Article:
This article was previously published in Hotel Owner, November 2016.
For further information, please contact Alan Woolston, Partner, Fladgate LLP (firstname.lastname@example.org)
We explain the key pitfalls hoteliers should avoid when undergoing construction projects.
Too many construction projects encounter problems that can easily lead to delays and cost overruns if not managed properly with some of these issues arising on projects in the hotel sector. Whilst many hotel projects proceed without incident, there are some well-known examples where this has not been the case. Industry factors, including a competitive hotel market and a desire for early revenue generation, put pressure on hotel developments to complete as early as possible but in the rush to open, hotel owners must take care to avoid pitfalls which can result in costly mistakes and delays.
Authorising late changes to the client’s brief, allowing insufficient time for coordination between disciplines (or having insufficient systems to ensure proper coordination) or commencing projects with undeveloped design information can all place projects at risk in terms of time and cost. A selection of random well-publicised hotel project examples helps illustrate how such mistakes have manifested themselves on other developments. Thankfully many hotel projects do not experience problems that come anywhere close to those referred to below, but learning from these examples assists our understanding of why hotel projects fail.
Late changes to the client’s brief
Late changes to the client’s brief are one of the main factors that can place a project at risk in terms of costs and time. In the planning stage, such changes might result from poor preparatory works or unforeseen issues with the structure being converted. In some cases, commencement of the project may have been rushed, with works starting on site prematurely. Further complications can then arise, perhaps associated with insufficient funding for the entire development or uncertainty about the cost of the work scope. Commencing works on site in these circumstances is a recipe for disaster.
The 5-Star Yenagoa Tower Hotel in Nigeria is an example of the impact of the problems that can result from the factors above, including late variations. The £19.1m 18-storey spiral-shaped hotel was conceived to boost tourism and generate revenue in Bayelsa but was cancelled after the contractor requested a £12m variation. It was said that the external works were not included within the initial contract scope. As the construction costs excluded the fit-out budget in any event, the developer was faced with a final out-turn project cost approaching £52m. By the time the hotel project, dubbed the ‘Tower Hotel of Controversies’, was cancelled £15.6m of the original £19.1m construction budget had already been paid to the contractor and construction had reached 18 stories. The structure now stands unfinished and its future is uncertain.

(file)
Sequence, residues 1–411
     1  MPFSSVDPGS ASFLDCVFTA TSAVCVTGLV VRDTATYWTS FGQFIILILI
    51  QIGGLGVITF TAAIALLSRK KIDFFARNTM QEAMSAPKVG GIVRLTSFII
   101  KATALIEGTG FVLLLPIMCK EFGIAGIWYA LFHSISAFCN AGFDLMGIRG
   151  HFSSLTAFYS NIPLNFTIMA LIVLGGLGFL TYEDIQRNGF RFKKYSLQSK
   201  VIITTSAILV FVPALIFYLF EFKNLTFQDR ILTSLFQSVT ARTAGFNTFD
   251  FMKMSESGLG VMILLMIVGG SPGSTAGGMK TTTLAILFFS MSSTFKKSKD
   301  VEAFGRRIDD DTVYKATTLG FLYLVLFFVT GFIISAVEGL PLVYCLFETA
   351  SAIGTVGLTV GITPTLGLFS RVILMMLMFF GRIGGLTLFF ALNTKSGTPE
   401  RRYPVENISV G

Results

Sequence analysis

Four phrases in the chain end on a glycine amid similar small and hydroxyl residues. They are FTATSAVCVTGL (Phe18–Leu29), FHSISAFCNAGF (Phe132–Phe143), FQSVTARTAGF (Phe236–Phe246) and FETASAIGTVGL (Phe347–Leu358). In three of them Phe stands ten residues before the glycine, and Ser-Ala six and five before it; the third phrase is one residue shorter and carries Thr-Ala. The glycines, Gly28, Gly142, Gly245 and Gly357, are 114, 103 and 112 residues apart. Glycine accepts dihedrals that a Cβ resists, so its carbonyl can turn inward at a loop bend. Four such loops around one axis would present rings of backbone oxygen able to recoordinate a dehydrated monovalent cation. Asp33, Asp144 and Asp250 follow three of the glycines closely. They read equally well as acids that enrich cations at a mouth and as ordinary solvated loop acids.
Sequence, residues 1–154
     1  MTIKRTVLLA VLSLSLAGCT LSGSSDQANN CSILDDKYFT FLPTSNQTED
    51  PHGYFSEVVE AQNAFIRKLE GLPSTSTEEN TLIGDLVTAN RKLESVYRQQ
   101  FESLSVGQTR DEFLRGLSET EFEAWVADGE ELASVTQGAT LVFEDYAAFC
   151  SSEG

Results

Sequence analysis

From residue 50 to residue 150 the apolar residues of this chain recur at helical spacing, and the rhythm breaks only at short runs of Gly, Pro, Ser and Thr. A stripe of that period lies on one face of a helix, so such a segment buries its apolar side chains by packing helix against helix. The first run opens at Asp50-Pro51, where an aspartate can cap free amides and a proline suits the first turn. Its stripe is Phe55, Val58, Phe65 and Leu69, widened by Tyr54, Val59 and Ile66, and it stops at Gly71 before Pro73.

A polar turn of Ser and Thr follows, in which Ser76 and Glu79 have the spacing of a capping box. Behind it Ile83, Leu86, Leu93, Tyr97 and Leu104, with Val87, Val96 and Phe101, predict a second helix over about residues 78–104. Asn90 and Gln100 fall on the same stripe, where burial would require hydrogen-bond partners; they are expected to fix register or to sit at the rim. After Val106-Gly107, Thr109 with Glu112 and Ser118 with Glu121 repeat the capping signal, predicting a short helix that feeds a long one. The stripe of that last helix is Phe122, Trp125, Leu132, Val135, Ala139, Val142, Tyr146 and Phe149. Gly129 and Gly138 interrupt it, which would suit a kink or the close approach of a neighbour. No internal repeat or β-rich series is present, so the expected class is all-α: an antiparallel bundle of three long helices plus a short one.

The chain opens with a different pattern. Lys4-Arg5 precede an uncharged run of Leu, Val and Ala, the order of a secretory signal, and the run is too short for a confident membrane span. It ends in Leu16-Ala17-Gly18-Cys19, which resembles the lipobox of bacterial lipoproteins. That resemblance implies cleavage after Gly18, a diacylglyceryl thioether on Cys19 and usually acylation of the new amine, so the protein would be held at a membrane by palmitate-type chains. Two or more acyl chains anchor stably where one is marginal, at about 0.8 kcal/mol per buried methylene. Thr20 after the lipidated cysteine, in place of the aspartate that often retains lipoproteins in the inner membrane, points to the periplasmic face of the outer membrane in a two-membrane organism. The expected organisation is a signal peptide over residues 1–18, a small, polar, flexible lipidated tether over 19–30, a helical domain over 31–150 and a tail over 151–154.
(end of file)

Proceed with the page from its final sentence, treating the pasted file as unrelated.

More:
Later in the process, the risk of late variations can increase as a result of the parties involved in planning and designing the development changing half way, as is commonly the case on hotel projects. Hotel operators can then bring valuable practical experience to the scheme but this might result in unforeseen adjustments to the original client’s brief. These changes could be required to satisfy changes in demand, to respond to rapidly changing and competitive market conditions or simply to adjust concepts that may simply not work in practice.
The impact of late changes to the client’s brief can be illustrated by the Sandals Whitehouse Hotel project in Jamaica, where the original £53.7m budget overran by £33m. The subsequent project investigation established that the variance in construction costs represented an 83% increase over the quantity surveyor’s estimate of the original construction sum. The cost and time overruns resulted from a late change from a ‘Beaches’ hotel to an upscale luxury ‘Sandals’ hotel. The initial costings for the project had been based on the significantly less elaborate ‘Beaches’ product, but moving from a family resort to an upscale 5-Star hotel significantly increased the final design costs. Indeed, more than half of the cost overruns were directly attributed to changes in work scope items which included changes to the hotel’s room blocks, its central facilities and external works. The remaining established cost increases resulted from time overruns and other project management and administrative deficiencies.
Many hotel developments are original projects with the cost components being left to the choice of the promoters. Whilst amendments to the original client’s brief are sometimes unavoidable, better planning generally, the early involvement of the operator where possible and giving proper forethought to market demands and trends during the planning period can reduce later cost and time related risks.